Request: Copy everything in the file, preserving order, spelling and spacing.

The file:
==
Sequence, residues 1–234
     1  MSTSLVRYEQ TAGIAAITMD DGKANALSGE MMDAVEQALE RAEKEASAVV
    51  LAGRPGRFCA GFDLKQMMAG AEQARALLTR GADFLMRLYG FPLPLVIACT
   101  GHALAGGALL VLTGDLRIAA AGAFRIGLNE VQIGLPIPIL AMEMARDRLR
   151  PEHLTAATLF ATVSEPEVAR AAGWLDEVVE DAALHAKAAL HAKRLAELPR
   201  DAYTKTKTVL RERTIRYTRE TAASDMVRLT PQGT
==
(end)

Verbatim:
Sequence, residues 1–234
     1  MSTSLVRYEQ TAGIAAITMD DGKANALSGE MMDAVEQALE RAEKEASAVV
    51  LAGRPGRFCA GFDLKQMMAG AEQARALLTR GADFLMRLYG FPLPLVIACT
   101  GHALAGGALL VLTGDLRIAA AGAFRIGLNE VQIGLPIPIL AMEMARDRLR
   151  PEHLTAATLF ATVSEPEVAR AAGWLDEVVE DAALHAKAAL HAKRLAELPR
   201  DAYTKTKTVL RERTIRYTRE TAASDMVRLT PQGT